In general I believe the Senate should confirm a president’s nominees, but not in the case of Susan Rice. In my view Rice would be a disaster as Secretary of State.
The Benghazi incident where al Qaeda terrorists killed four Americans including the Libyan ambassador deeply troubles me. The incident is a combination of three failures, each of which Rice had a hand in. First the ambassador asked for better security for State Department workers in the country and was turned down by the administration. Second, when the ambassador and his security detail came under attack communications broke down and prevented an effective rescue from being mounted. Finally, ambassador Rice took to the airwaves for weeks denying the nature of the attack, blaming an Internet video instead of acknowledging it as a terrorist attack against the United States that resulted in the death of four Americans, including the loss of its first ambassador in over 30 years.
In 1994 and 1995 I lived in a national park Tanzania. To get there I had to fly through Nairboi Kenya and spent over a week there on the way in and another on the way out. During my stays in Nairobi and Dar es Salaam Tanzania I visited the US embassy in both cities to check in and get information on the area. On my visit to the embassy in Dar I learned that the low profile building on the outskirts of the city had once held the Israeli embassy before the Israelis built another more secure compound elsewhere in the city. At the time I thought nothing of it, nor did I question the location of the US embassy in a poorly built highrise in downtown Nairobi.
Three years later both embassies would be destroyed by simultaneous truck bombs engineered by al Qaeda. The attacks killed 224 including 12 Americans and wounded over 4,000. Prior to these attacks the Kenyan ambassador had pleaded with Secretary of State Madeline Albright for better security at the facility in Nairobi but was ignored. Senator Susan Collins (R-ME) has raised suspicion over Susan Rice’s involvement in the failure to secure the embassy because at the time she was the Assistant Secretary of Affairs in Africa. “What troubles me so much is the Benghazi attack in many ways echoes the attacks on those embassies in 1998, when Susan Rice was head of the African region for our State Department. In both cases, the ambassadors begged for additional security,” Collins said. Administration supporters counter this, saying Rice had “no direct role” in the scandal at the African desk, with the Soros funded political action committee ThinkProgress saying Collins stance against Rice was “hypocritical.” The problem with attacking Collins is that she is not considered by members of either party as an extremist, and if anything sides with the Democrats on many issues against the will of her party. If the administration can’t count on the support of Collins, they know they can’t count on anyone with an “R” behind their name, as well as a few conservative-leaning “D”s.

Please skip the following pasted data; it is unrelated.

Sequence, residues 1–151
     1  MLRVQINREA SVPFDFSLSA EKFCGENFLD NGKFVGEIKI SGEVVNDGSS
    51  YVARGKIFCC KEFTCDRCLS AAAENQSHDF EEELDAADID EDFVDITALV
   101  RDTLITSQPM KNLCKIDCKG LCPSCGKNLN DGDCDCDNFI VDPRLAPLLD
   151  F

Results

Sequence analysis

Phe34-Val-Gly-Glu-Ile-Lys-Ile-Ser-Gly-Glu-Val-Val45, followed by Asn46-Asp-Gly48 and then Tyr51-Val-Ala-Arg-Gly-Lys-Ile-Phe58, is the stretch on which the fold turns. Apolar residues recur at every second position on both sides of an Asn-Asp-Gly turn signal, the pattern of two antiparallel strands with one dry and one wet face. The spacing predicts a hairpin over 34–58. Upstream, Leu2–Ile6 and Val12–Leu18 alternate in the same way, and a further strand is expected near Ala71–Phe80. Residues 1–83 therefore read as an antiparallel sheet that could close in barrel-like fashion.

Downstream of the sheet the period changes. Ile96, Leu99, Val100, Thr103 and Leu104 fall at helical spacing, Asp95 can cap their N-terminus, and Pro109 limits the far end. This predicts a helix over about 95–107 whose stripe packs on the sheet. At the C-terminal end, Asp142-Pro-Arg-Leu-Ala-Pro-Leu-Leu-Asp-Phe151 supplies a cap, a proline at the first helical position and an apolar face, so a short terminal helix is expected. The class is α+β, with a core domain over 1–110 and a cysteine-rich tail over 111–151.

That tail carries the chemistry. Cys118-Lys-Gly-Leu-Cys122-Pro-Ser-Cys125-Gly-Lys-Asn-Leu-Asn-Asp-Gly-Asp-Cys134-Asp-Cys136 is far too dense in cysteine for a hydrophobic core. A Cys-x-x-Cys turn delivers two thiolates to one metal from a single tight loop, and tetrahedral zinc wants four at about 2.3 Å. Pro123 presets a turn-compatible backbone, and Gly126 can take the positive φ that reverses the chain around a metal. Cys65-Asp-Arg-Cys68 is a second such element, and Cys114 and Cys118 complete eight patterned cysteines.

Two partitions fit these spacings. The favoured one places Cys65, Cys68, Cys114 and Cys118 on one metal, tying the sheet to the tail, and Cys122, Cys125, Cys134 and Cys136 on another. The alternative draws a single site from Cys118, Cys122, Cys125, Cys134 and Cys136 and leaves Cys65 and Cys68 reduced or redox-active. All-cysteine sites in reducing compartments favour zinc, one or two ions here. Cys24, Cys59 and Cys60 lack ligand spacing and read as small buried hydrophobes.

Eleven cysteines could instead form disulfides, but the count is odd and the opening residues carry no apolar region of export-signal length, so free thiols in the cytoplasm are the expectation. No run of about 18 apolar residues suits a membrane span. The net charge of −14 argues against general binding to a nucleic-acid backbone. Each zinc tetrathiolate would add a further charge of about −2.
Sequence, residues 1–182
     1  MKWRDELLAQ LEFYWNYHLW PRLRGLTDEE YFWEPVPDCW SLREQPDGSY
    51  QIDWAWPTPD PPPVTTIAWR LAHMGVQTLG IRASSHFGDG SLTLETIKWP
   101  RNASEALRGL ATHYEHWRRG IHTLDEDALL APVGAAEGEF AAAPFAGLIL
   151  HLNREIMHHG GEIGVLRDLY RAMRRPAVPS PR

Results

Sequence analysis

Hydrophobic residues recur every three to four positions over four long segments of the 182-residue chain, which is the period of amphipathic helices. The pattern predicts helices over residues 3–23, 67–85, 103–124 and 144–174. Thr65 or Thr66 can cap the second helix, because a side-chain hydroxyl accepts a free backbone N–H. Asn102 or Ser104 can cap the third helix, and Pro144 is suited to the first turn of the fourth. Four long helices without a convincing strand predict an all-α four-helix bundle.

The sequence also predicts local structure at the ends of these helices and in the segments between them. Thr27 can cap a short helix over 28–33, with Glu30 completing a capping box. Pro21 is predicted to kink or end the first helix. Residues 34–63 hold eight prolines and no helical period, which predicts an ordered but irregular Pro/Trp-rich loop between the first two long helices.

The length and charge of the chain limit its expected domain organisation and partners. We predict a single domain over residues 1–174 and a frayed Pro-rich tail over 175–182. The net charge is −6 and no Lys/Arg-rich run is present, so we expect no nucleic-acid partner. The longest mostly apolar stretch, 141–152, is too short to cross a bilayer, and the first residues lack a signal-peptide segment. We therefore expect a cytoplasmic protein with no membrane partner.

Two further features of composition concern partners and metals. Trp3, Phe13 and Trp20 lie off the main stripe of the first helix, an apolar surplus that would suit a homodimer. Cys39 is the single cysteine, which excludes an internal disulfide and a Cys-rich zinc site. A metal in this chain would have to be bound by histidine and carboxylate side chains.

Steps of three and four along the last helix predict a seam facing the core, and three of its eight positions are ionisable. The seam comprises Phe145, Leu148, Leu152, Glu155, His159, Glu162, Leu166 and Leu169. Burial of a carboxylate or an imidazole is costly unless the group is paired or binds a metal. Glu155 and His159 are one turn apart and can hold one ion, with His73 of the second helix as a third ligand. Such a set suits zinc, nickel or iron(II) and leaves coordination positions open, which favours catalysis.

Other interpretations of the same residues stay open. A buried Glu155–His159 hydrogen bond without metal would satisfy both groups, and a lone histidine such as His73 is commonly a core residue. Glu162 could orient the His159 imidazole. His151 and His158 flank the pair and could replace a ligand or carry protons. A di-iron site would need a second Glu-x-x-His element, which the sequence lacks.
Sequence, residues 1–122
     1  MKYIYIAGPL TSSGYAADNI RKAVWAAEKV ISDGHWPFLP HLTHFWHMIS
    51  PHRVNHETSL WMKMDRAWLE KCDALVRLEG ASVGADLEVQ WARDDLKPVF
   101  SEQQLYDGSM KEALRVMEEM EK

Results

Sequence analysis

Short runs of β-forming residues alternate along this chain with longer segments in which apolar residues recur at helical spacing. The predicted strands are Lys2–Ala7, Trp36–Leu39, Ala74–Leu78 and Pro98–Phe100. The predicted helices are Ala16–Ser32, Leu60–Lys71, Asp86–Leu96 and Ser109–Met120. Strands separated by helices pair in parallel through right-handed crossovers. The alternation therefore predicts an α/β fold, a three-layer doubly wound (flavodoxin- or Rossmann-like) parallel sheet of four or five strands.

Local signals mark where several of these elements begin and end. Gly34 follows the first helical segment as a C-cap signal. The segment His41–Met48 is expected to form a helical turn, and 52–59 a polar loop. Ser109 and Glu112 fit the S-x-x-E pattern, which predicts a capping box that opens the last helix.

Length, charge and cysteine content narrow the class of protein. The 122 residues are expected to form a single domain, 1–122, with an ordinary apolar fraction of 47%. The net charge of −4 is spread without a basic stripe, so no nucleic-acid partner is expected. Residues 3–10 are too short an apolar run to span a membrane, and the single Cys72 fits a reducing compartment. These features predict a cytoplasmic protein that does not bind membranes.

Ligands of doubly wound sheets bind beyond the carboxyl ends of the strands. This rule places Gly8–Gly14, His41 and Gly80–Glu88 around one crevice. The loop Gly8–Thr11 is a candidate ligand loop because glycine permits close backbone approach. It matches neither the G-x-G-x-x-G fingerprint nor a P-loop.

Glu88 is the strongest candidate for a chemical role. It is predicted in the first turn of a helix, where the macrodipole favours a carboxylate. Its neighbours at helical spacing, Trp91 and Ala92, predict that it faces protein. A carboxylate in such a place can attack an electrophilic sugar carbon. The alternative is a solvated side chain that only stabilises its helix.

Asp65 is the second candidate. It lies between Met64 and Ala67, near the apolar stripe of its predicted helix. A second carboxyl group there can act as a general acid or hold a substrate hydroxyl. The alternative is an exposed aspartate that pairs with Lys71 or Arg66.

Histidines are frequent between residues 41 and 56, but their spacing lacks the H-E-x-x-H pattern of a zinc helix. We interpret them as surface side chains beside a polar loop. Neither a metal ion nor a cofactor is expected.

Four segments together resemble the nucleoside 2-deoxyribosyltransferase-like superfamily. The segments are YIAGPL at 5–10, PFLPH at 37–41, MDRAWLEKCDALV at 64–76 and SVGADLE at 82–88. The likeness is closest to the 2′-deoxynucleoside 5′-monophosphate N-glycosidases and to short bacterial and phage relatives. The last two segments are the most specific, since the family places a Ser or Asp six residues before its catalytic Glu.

The similarities between Benghazi 2012 and East Africa 1998 are eerie enough without Rice’s presence, but to those of us who take a hardline against Islamic terror both events are connected by Democratic administration that failed in their sworn duty to protect the citizens of the United States. President Clinton’s response to the attack was to launch cruise missile strikes on Sudan and Afghanistan that destroyed a powdered formula factory but did little damage. The weak response by the USA gave credence to Osama Bin Laden’s narrative that the United States was a “weak horse” whose back would break when enough pressure was applied.
Why Sudan? The attack on Sudan ties the embassy bombings and Rice to an even bigger intelligence failure, Susan Rice’s thwarting of Bin Laden’s capture in 1997 – a year before the embassy attacks and a full four years before 9-11. In the book “Losing Bin Laden,” author Richard Miniter describes the primary role Rice played in convincing President Clinton to rebuff Sudan’s offer of handing over Osama Bin Laden who lived there at the time. She argued that Sudan was bluffing and Clinton shouldn’t take it seriously. Bin Laden evidently thought otherwise, left the country and moved to Afghanistan where he plotted the attacks that led to the death of 3,000 Americans four years later.
So on one hand we have senior State Department official (do mid-levels meet with the President and offer him advice?) in two intelligence failures prior to 9-11 and one after. What is common between these incidents is a failure to appreciate the depth of hatred for the USA and the danger presented to it by Islamic terrorism, a failure that was on display in Susan Rice’s performance after Benghazi denying it was a terrorist attack.
Is this the person we should have as the head of our diplomatic corps?
The likely nominee is John Kerry. While I believe he was unfit as Commander in Chief and do not have much respect for his behavior during the Vietnam War, and while I think he might be a wealthy weasel for basing his yacht in Rhode Island to avoid taxes, I do not view him with the same level of concern as I do Susan Rice and would not actively oppose his nomination as Secretary of State. But Susan Rice? Either the woman has bad luck by being party to the greatest intelligence failures since World War 2 or she is actively causing these failures. Either way she does not belong as head of Foggy Bottom.